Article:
Politics & Policy

Remember Hope?

President Obama waves to the crowd at his first inauguration, January 20, 2009. (Jason Reed/Reuters)
Are racial tensions so high now because of the optimism that fueled Obama’s rise?

After nearly eight years of the first African-American president, why are America’s race relations so bad?

Reading the words of African Americans on the day of President Obama’s inauguration, with their high hopes and relentless optimism — some would say, naïve optimism — is striking and more than a little heartbreaking, considering the state of the country today:

The men were history teachers by trade but on this day were part of the 54th Massachusetts Volunteer Infantry Company, the African American unit whose story was memorialized in the movie “Glory.”

Marching in the parade of the country’s first black president is “a privilege and an honor,” said Gerard Grimes, 49. To which his friend, Emmett Bell-Sykes, 35, interjected, “To honor our forebearers who survived slavery, legalized racism, to honor this country making amends to come together and unify.”

The New York Times called the inauguration “a civil rights victory party on the Mall,” and “a watershed event in the nation’s racial history — the culmination of the long struggle for civil rights.”

This wasn’t just liberal hyperbole, either. It reflected a real, broad optimism about Obama’s ability to heal the nation’s wounds and fix its nagging problems: When he entered office in January 2009, 67 percent of Americans approved of the job he was doing, as opposed to just 13 percent who disapproved.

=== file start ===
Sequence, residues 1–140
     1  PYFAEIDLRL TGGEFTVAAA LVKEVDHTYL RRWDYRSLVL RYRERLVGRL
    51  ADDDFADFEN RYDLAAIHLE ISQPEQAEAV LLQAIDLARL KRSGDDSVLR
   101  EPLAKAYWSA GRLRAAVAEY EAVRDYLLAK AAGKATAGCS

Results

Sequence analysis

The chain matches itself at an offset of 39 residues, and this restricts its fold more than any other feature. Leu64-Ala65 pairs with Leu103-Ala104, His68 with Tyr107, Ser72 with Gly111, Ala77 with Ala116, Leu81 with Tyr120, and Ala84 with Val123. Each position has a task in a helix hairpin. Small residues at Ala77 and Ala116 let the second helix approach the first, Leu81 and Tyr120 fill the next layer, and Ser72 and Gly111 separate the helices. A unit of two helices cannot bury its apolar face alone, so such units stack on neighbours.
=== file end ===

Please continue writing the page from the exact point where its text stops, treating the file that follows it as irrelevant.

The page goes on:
Fast forward to today, and that brief moment of unity seems a distant memory. The long, hot summer of Black Lives Matter drags on, each day bringing fresh news of unrest to feed a ceaseless cycle of outrage and recrimination. In Minnesota, highways are being shut down and protesters are dropping concrete onto police. In Dallas, a deranged gunman, motivated by racial animus, just targeted and killed five police officers, inspiring copycat ambushes of police in other states. Only 29 percent of African Americans say they have confidence in the police, according to Gallup; the percentage of Americans of all races who say they are worried about race relations is higher than ever before.

Even some of Obama’s closest African American allies can’t hide their disappointment.

It wasn’t supposed to turn out like this. African Americans still express approval of the president, but it’s not too hard to find voices among them willing to point out an inconvenient truth: Many black Americans haven’t seen much change since Obama was elected, and the last embers of the hope of 2008 are burning out.

 “Sadly — and it pains me to say this — over the last decade, black folk, in the era of Obama, have lost ground in every major economic category,” declared talk show host Tavis Smiley in January. The unemployment rate has dropped for African Americans since Obama took office, but the percentage of those below the poverty line is up, food-stamp use is up, and home-ownership rates and the median-income level are down.